16 January 2013

Andrew Nagorski: Hitlerland - Little Eichmanns

The opposite of love is not hate, but callous apathy and uncaring.  Hate is a passion, a counterpart to lust.

And tragedy occurs when such heartlessness is advantaged by careerism, and an ideology that rationalizes unconscionable expediency, sanctioned privation, organized repression, and eventually murder, on a massive scale. 

This is not how monsters are created, but how their enablers and supporters are formed, so that they too can, over time, become as beasts to escape their unbearable shallowness, and the emptiness of their souls.

These are not the Hitlers, but the little Eichmanns. And they are abroad again, making and influencing policy on an alarming scale, today.

"The sad truth is that most evil is done by people who never make up their minds to be good or evil...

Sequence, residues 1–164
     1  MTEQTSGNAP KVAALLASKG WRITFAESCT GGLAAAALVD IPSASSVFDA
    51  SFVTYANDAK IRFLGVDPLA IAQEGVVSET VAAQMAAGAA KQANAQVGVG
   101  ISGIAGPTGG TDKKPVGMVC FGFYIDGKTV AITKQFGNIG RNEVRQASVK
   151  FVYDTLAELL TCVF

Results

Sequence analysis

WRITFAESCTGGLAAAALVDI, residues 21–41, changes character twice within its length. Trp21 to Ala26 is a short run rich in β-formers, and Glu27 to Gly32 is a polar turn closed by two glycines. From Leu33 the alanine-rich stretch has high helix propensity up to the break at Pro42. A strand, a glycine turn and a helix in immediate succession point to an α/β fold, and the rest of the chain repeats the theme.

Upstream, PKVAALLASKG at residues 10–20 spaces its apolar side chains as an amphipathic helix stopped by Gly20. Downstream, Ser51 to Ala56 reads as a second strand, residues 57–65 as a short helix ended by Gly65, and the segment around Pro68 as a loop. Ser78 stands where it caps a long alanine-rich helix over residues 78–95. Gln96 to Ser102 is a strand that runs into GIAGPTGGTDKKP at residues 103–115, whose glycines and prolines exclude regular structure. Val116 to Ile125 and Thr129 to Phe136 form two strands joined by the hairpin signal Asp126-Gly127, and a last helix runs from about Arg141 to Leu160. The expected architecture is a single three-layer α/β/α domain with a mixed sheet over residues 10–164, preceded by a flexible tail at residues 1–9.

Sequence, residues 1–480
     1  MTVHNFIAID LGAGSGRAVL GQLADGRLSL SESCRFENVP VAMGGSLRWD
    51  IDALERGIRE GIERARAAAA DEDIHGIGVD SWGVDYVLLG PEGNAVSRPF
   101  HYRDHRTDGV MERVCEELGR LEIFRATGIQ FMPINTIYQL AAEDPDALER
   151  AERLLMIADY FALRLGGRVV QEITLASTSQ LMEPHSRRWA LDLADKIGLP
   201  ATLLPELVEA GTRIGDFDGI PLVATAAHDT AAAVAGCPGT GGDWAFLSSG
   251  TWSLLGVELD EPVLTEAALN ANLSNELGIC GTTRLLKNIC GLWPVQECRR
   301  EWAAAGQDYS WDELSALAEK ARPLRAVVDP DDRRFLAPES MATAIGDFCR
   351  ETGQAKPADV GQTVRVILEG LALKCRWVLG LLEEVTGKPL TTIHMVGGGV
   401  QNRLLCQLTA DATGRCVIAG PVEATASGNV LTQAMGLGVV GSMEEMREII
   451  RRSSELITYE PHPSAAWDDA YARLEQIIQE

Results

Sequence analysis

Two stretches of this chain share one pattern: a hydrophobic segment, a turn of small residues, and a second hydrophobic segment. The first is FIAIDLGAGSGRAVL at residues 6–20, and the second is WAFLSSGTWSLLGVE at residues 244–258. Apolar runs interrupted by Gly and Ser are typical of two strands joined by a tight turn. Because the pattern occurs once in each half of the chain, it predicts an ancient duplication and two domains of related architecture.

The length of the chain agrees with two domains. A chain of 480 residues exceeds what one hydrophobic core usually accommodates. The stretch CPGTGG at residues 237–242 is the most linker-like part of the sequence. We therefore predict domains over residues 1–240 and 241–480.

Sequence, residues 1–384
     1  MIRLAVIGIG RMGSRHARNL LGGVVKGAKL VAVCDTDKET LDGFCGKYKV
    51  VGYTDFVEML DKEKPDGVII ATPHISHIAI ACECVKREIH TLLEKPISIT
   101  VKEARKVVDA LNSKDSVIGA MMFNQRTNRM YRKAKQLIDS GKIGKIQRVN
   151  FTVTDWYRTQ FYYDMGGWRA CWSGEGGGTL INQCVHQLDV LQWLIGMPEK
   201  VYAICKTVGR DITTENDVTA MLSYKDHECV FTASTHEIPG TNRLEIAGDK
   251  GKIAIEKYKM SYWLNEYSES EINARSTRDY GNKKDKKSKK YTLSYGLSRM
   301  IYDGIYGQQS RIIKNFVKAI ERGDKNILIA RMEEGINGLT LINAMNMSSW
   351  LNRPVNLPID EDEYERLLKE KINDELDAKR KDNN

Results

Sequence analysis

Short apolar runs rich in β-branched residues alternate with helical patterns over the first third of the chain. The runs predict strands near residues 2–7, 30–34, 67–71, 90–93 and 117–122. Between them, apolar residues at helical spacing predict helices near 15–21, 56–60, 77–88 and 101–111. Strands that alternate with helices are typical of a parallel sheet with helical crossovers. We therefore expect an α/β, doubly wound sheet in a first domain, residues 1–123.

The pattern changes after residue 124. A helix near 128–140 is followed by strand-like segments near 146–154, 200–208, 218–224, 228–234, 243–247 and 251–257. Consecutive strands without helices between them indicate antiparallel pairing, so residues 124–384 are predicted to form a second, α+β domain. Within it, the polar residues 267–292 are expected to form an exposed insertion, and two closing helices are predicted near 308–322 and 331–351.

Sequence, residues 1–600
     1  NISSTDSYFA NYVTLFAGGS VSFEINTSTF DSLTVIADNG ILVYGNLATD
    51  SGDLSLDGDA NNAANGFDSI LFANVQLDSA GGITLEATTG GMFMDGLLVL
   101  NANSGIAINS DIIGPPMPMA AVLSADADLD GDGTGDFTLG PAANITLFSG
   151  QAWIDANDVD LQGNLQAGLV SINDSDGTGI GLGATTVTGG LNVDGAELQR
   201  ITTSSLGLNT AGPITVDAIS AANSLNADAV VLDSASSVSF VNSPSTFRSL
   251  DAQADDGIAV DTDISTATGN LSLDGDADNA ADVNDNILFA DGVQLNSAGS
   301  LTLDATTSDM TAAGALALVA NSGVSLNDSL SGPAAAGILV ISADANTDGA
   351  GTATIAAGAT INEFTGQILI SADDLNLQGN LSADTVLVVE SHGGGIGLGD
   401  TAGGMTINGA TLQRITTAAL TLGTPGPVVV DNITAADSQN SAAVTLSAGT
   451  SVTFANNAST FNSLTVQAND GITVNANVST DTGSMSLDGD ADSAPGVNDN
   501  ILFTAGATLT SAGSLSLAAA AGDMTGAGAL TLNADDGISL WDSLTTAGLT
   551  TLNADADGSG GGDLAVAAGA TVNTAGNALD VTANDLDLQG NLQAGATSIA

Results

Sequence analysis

The trouble with Eichmann was precisely that so many were like him, and that the many were neither perverted nor sadistic, that they were, and still are, terribly and terrifyingly normal. From the viewpoint of our legal institutions and of our moral standards of judgment, this normality was much more terrifying than all the atrocities put together...

He [Eichmann] was in complete command of himself nay he was more: he was completely himself. Nothing could have demonstrated this more convincingly than the grotesque silliness of his last words.

He began by stating emphatically that he was a Gottgläubiger to express in common Nazi fashion that he was no Christian and did not believe in life after death. He then proceeded: “After a short while gentlemen we shall all meet again. Such is the fate of all men. Long live Germany, long live Argentina, long live Austria. I shall not forget them.”

In the face of death he had found the cliché used in funeral oratory. Under the gallows his memory played him the last trick: he was 'elated' and he forgot that this was his own funeral.

It was as though in those last minutes he was summing up the lesson that this long course in human wickedness had taught us: the lesson of the fearsome word-and-thought-defying banality of evil.”

Hannah Arendt

h/t Andrew